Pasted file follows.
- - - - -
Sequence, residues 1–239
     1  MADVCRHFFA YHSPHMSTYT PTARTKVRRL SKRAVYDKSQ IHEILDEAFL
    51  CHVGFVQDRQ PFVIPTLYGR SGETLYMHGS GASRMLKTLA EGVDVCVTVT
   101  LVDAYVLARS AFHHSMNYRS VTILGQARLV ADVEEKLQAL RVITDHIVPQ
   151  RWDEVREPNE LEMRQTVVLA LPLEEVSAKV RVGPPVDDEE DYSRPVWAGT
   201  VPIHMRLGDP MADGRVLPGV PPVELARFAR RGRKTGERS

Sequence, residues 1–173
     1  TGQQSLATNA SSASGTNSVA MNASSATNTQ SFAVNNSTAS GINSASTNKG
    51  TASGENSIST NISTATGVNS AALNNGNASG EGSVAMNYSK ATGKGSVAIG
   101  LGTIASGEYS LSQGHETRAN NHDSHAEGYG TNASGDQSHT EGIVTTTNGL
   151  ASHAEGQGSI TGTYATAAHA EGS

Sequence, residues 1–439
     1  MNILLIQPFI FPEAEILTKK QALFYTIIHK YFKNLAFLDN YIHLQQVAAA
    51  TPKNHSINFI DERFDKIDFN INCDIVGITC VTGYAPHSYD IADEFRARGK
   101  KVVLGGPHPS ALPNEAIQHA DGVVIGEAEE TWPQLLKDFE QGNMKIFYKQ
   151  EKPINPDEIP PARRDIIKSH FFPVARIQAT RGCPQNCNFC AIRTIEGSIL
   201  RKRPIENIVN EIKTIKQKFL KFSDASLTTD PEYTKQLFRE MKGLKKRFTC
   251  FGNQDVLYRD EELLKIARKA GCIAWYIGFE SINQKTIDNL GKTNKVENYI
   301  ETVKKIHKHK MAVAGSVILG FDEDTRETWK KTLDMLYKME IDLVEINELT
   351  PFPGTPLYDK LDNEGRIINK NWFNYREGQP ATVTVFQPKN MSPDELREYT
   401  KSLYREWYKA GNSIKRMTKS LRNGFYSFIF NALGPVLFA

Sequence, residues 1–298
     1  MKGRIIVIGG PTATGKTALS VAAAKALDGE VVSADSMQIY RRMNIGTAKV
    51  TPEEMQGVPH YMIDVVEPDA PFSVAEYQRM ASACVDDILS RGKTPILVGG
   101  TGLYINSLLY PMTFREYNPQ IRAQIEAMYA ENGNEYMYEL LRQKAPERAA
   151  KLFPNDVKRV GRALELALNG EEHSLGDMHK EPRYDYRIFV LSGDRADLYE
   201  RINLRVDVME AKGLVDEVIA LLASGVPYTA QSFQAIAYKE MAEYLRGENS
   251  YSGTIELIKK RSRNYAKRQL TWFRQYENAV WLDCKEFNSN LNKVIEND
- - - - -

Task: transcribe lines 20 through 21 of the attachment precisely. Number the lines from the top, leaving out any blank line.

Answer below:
   351  PFPGTPLYDK LDNEGRIINK NWFNYREGQP ATVTVFQPKN MSPDELREYT
   401  KSLYREWYKA GNSIKRMTKS LRNGFYSFIF NALGPVLFA